Marieke Leegwater is palm oil programme manager at Solidaridad. She visited nearly all RSPO meetings in the last ten years, starting with RT 2 in 2004. Marieke writes about her experiences with Roundtable on Sustainable Palm Oil.
The first Roundtable on Sustainable Palm Oil (RSPO) meeting I attended was the RT2 that was held in October 2004 in Jakarta. It was attended by about 200 people. At the time Malaysia was still the biggest producer of palm oil, and Indonesia in second place. The main item on the agenda at the time was the development of criteria for sustainable palm oil production.
The opening address was given by the Indonesian Minster of Agriculture Prof. Bungaran Saragih. In his speech he stressed the importance of sustainability, and in his view the main approach to increase sustainability in Indonesia, would be in reducing poverty. For the Indonesian government developing oil palm plantations were an important element of the strategy to combat poverty. With this in focus he immediately set the scene for the debates within the RSPO; to seek for ways to combine economic development while reducing negative environmental impact of these developments. Today Saragih is special advisor to the RSPO Executive Board.
At the time I worked for the Dutch Product Board for Margarine Fats and Oils, the industry association of the Dutch Oils and Fats Industry, but I attended the conference in my personal capacity. Within the industry the topic of sustainability was not on the agenda yet, and attending such a conference could be seen as an acknowledgement of the issues related to sustainability of palm oil production.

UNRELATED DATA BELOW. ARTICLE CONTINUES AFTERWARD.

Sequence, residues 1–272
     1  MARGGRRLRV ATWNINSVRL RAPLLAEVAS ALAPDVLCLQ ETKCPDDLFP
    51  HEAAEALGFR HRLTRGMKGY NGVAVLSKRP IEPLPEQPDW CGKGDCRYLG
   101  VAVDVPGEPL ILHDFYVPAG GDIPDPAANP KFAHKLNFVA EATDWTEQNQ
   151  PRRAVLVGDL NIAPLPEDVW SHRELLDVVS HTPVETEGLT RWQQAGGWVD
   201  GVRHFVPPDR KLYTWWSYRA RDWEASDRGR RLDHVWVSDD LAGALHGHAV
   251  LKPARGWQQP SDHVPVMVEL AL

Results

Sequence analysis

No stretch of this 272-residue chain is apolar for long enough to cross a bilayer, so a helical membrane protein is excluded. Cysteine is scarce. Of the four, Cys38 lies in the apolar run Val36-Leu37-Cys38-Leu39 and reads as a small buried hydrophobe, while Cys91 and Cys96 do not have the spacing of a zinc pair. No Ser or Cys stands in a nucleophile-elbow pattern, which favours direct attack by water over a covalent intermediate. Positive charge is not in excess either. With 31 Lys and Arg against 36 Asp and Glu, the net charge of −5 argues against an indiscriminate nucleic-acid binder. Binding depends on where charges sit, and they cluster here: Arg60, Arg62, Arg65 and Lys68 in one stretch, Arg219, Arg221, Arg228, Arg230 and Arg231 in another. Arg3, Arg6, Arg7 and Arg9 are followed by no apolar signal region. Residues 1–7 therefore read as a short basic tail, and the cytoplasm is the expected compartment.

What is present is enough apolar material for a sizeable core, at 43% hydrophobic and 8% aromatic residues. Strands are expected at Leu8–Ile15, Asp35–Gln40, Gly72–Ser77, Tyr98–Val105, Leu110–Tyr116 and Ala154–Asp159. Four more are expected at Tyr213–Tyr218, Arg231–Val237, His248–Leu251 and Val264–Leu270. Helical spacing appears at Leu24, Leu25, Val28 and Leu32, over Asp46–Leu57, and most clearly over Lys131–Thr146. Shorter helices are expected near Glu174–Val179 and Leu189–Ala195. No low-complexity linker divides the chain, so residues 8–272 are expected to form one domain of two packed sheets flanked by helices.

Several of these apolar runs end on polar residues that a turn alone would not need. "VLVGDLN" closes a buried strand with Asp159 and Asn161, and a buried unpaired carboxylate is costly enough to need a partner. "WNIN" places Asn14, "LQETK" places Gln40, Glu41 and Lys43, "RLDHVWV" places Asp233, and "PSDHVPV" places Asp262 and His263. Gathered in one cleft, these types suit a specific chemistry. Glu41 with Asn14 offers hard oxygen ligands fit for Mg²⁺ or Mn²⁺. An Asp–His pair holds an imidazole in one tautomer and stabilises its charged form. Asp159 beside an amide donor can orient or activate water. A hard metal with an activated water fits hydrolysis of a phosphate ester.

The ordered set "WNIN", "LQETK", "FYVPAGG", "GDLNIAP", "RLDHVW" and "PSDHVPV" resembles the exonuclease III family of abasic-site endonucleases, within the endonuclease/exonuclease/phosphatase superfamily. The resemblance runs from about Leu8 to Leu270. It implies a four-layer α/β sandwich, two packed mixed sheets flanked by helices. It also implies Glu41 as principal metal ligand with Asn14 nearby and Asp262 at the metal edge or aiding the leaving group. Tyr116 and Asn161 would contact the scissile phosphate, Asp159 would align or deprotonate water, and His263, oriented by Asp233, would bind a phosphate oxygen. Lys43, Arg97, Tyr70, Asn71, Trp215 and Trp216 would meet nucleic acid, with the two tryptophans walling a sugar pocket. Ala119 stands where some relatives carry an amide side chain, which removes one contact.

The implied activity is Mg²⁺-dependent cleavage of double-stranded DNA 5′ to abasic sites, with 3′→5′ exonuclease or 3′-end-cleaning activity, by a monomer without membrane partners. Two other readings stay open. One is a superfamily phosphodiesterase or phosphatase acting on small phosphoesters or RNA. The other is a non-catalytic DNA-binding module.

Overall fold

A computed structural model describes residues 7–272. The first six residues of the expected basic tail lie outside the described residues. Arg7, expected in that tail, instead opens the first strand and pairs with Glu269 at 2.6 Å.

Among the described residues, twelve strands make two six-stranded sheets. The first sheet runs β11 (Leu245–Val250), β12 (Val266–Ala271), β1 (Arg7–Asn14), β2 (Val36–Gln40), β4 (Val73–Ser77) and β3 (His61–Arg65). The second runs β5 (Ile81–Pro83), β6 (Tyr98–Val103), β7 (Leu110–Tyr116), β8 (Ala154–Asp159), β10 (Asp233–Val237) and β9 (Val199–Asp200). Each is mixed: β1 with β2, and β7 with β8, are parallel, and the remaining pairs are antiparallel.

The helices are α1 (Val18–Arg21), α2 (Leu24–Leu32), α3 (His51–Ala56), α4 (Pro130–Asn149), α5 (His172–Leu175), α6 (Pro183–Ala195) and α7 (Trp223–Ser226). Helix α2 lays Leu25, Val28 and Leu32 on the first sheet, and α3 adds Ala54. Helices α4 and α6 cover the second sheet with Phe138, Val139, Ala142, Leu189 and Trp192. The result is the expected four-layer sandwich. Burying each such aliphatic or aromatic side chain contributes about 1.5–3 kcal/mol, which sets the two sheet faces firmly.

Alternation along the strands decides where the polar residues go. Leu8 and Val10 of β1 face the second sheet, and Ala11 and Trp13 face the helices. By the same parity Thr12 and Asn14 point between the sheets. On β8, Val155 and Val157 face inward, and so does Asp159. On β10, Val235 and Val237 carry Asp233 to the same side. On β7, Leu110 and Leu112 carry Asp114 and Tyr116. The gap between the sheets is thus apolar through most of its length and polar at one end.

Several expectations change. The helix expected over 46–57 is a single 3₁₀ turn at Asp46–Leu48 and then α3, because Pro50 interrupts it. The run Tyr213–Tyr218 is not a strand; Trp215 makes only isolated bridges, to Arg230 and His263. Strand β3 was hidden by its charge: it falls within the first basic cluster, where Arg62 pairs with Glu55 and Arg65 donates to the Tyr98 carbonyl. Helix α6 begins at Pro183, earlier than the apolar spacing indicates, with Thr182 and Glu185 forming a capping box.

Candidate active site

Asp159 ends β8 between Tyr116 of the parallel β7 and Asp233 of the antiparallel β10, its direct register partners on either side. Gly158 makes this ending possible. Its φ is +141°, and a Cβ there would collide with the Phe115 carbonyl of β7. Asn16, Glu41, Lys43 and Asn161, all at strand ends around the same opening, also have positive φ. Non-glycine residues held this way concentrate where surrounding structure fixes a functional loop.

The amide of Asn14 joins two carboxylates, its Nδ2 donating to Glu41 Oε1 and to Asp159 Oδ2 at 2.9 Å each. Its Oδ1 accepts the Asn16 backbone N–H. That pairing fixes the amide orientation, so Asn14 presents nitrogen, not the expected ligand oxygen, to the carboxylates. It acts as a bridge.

Early years of RSPO
Looking back, the developments in the years after that conference went amazingly quick. The continued pressure from several non-governmental organisations (NGO’s) and the attention of Unilever for the issue created a broader awareness on the issues at stake. In response the European palm oil industry developed the shared notion that it should not be associated with negative practices as shown to be linked with palm oil production. The annual RSPO conference became an event not to be missed.
In 2005 the first version of Principles and Criteria of Sustainable palm oil were adopted. They were developed by a specially set up, Criteria Development Group, composed of 8 plantation companies, 8 NGO’s (4 social and 4 environmental) and 8 supply chain representatives, including banks and retailers. In the same year the Dutch Product Board for Margarine Fats and Oils also became a member and the industry, with forces joined on the Board, started its efforts to bring the RSPO certified palm oil to the market in Europe.